People have been trying to figure out twentysomethings at least since Dustin Hoffman unzipped Anne Bancroft’s dress. In 2010, The New York Times Magazine ran a late-to-the-game article about a “new” life stage called “emerging adulthood” (a phrase coined by a psychology researcher a decade before) when self-indulgence and self-discovery collide.
The exuberant and disarming Frances Ha is a portrait of one such emerging adult, shot in resplendent black-and-white and scored like a French New Wave film. As played with haphazard elegance by Greta Gerwig, Frances is a 27-year-old aspiring dancer in New York City still lurching through the obstacle course of a privileged post-collegiate life. Sometimes life is a playground, as when Frances and best friend Sophie (a snappy Mickey Sumner) play fight in Central Park or snuggle platonically in their apartment. And sometimes it’s a minefield, with the perils of adulthood blowing up without warning in Frances’ face, as when Sophie announces she’s moving out. The transformation of this friendship—Frances compares them to “an old lesbian couple that doesn’t have sex anymore”—sends our protagonist skidding. While Sophie grows more serious about her hedge-fund boyfriend, Frances remains needy, frequently oblivious of others and prone to hogging conversations with directionless soliloquies. Yet she’s immensely likable. Gerwig strips her performance of affect or cutesiness; unlike those manic pixie dream girls, she’s not being quirky just to snag a guy.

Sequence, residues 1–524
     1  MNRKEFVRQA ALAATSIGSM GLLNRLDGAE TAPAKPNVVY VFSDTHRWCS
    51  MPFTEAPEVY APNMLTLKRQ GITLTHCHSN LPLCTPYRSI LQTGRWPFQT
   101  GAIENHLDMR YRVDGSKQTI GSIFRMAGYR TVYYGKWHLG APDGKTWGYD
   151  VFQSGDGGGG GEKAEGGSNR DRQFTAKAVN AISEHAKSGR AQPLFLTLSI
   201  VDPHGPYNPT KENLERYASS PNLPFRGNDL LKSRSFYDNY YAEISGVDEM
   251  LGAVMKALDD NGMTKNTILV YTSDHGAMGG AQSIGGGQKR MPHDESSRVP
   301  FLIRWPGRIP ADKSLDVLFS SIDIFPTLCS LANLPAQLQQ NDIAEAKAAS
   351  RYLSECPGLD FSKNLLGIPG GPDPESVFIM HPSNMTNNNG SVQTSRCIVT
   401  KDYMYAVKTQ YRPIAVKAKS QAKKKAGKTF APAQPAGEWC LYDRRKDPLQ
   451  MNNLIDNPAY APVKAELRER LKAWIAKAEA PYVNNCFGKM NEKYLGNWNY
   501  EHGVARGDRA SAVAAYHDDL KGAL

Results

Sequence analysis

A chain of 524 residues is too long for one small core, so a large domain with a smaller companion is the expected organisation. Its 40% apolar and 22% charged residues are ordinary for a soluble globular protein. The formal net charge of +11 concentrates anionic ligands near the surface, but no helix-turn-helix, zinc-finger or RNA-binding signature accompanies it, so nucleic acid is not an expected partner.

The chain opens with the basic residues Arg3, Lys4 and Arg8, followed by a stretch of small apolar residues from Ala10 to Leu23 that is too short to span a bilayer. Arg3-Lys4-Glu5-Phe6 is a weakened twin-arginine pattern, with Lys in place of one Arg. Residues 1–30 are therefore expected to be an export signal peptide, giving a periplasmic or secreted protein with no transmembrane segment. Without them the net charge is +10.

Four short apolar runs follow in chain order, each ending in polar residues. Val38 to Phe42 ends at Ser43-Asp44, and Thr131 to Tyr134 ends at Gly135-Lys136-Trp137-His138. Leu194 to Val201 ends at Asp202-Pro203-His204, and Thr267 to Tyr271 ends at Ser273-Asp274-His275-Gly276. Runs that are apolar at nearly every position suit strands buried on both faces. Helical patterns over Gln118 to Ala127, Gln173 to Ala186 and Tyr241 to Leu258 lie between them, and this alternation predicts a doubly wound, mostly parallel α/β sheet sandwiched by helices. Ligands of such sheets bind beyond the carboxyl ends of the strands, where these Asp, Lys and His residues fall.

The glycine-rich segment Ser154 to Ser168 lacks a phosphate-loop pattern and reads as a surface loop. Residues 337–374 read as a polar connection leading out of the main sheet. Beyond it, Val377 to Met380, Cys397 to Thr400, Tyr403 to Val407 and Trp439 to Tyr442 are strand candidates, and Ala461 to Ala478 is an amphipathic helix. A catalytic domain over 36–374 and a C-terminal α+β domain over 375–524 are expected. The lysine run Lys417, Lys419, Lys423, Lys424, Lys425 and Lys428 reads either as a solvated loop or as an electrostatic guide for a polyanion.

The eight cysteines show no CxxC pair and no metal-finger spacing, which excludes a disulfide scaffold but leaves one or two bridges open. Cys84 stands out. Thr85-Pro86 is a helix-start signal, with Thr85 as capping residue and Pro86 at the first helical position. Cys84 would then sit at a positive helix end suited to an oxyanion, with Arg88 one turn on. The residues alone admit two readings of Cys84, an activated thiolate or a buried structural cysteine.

In fact, aside from a throwaway boyfriend in an early scene, Frances is single throughout. A male roommate pronounces her “undatable,” which she reinforces by emitting a robotic honk when trust-fund playboy Lev (Girls’ Adam Driver) makes a move. This non-romantic bent lends Frances Ha freshness, amplified by the rhythmic, sprightly screenplay, co-written by Gerwig and Noah Baumbach. “I’m not messy, I’m busy,” says Frances. Later, after a squabble, she sputters at Sophie: “Don’t treat me like a three-hour brunch friend!” It’s fluid yet fizzy, specific yet eminently relatable.
In one of the
loveliest moments, David Bowie’s “Modern Love” plays as Frances spins
through the streets. Backpack bouncing, floral-print dress cutting a
contrast with the crosswalk striping, she’s every bit the emerging
adult: aimless yet hopeful, self-absorbed yet in wide-eyed awe at the
big, beautiful world. And as the audience, we’re lucky to run alongside
Critic’s Grade: A-
SEE IT: Frances Ha is rated R. It opens Friday at Cinema 21.